XML is a standard for exchanging structured documents and data over the Internet. Unlike HTML, which defines a specific document format, XML is much more generalized and can represent any data, just as SGML can. The demand for internationalization and for a technology that can work across various platforms in a standard way are the two driving forces behind XML. Having grown out of the Internet, XML is inherently global in nature, making it a powerful technology to use in creating world-ready applications. XML technologies are now integrated with various programming areas such as relational databases, distributed programming, document and page processing, as well as messaging and Web services.
One of the international features that XML comprises is encoding declaration, whereby an optional encoding attribute on the XML declaration defines the character encoding. A second international feature is related to character entities-like HTML, XML allows individual characters in a page to be encoded by specifying their exact Unicode character value. Indeed, XML's potential for improving business practices worldwide and for fostering the development of world-ready applications is easily apparent.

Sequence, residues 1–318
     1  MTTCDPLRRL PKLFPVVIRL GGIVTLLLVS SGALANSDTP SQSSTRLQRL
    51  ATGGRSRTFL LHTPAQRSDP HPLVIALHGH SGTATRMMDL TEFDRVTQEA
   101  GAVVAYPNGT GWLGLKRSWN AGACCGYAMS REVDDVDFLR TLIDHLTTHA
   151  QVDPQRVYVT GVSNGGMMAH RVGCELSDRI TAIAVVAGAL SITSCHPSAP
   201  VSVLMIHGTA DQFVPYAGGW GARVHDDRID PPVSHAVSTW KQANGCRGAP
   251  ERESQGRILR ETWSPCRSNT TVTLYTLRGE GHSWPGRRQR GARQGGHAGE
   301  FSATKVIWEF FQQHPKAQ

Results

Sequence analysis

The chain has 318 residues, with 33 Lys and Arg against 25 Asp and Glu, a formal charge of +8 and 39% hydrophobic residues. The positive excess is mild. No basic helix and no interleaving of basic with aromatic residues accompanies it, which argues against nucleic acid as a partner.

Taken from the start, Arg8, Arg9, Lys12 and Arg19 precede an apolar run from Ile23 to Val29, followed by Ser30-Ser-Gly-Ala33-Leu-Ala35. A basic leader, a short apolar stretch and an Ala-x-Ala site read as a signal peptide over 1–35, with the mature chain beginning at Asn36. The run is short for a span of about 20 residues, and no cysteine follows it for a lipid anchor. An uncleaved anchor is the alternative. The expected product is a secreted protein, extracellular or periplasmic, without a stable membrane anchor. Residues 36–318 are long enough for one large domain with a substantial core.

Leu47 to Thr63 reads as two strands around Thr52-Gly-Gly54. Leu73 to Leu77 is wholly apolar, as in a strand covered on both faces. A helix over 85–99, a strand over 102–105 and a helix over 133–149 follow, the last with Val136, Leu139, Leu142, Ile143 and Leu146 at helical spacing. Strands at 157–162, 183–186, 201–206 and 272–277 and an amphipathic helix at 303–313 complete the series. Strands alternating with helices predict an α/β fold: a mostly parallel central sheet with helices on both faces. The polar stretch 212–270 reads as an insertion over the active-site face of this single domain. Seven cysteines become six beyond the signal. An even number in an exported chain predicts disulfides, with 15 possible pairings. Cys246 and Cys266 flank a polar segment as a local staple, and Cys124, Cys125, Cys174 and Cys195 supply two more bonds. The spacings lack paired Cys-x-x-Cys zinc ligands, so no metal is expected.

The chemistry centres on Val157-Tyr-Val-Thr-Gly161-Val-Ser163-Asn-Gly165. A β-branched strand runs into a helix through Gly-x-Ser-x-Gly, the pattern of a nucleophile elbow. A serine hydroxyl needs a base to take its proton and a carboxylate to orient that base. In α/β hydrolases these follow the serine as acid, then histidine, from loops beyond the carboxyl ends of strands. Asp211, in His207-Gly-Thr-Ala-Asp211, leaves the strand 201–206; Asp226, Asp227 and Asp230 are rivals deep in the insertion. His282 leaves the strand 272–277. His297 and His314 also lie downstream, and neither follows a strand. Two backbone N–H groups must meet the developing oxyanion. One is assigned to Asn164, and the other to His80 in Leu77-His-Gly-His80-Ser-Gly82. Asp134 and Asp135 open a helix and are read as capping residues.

As you work with XML, try to use UTF-8 or UTF-16 encoding in order to reach as many platforms as possible. Make sure your data is language-neutral. Also, follow the W3C XML Schema standard and note how you store your data in XML. As a final best practice, take advantage of the many MSXML tips and tricks that have been outlined here and keep up to date with the new XML features of the .NET Framework.